Has the once-popular brand become a political football?
Ivanka Trump’s once-popular fine jewelry brand seems to no longer be producing new product and might be phasing the business out, say retailers who carry the line.
“They are only selling what they have left,” says Harvey Rovinsky, president of Philadelphia-based Bernie Robbins Jewelers.
A spokesperson for Ivanka Trump’s company did not return inquiries from JCK.
The line, of course, grabbed headlines this week, when Nordstrom announced it would drop its Ivanka Trump product. (Neiman Marcus also reportedly dropped her jewelry line.) This triggered an angry tweet from her father, the POTUS:
My daughter Ivanka has been treated so unfairly by @Nordstrom. She is a great person — always pushing me to do the right thing! Terrible!
— Donald J. Trump (@realDonaldTrump) February 8, 2017
White House press secretary Sean Spicer later called Nordstrom’s decision to drop the line an “attack on [the president’s] daughter.”
In many ways, the Ivanka Trump line has received publicity most brands would die for—its namesake is now one of the most famous people in the world. But retailers say the brand has been hurt by the first daughter’s decision to step away from her business. And in this polarized era, some want to avoid any association with politics. There is now not only the threat of possible boycotts for carrying the line, there’s the risk of a counterbacklash—and even a denunciation from the White House—for dropping it.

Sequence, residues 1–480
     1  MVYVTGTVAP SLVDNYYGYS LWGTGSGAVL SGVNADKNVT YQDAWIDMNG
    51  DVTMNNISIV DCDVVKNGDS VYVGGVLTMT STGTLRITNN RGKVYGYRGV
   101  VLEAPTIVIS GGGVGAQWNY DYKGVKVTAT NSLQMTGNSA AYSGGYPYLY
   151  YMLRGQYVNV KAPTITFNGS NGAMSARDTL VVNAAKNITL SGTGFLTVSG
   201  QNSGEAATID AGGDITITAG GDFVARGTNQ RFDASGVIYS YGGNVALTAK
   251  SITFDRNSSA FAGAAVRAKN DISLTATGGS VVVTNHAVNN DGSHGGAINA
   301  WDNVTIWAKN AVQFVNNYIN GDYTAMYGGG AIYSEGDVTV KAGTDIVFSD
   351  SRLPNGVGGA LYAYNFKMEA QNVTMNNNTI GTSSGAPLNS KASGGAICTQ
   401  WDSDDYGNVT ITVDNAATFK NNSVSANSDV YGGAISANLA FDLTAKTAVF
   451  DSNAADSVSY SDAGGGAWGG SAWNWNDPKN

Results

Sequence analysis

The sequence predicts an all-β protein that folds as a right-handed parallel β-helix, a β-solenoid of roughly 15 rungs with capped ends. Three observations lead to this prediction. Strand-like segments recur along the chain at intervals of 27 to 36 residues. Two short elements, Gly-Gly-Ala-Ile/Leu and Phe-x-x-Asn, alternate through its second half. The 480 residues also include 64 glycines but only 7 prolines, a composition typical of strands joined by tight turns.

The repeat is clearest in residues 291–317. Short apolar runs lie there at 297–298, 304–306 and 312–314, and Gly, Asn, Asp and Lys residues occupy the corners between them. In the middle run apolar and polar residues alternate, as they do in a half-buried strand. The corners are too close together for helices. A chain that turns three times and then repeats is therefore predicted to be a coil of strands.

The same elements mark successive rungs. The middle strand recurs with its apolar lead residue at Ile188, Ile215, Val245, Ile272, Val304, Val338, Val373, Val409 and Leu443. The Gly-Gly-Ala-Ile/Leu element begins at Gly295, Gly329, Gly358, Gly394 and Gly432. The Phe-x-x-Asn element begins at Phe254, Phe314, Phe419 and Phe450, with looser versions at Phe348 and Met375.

As Nordstrom copresident Pete Nordstrom put it in an email to employees, obtained by Fortune:
We’ve heard from customers, including some who are long time loyal customers, threatening a boycott of Nordstrom if we continue to carry the line. Similarly, we’ve heard from customers who say they will boycott Nordstrom if we stop carrying the brand. This is a sharply divisive subject. No matter what we do, we are going to end up disappointing some of our customers.
Ultimately, he concluded, “Every single brand we offer is evaluated on their results—if people don’t buy it, we won’t sell it.”
One former Ivanka Trump jeweler told JCK the brand initially did well but slowed down because of management changes and fewer new styles. Once her father began his presidential campaign, negative consumer comments increased, and the store pulled the plug.
Other retailers say that sales have slowed of late, but they don’t blame politics, more a lack of fresh product. They report few complaints.
David Cornell, president of Cornell Jewelers, in Rochester, N.Y., says he received only one angry postcard for carrying it—and when he spoke to other brand retailers, they got a note from the same person.
However, he adds: “If you are a business owner, it is prudent not to take sides.”
“Everything’s a lightning rod today,” moans Rovinsky. “You mention [Ivanka’s jewelry] to some people, they freak out. Other people, they want to hug you.”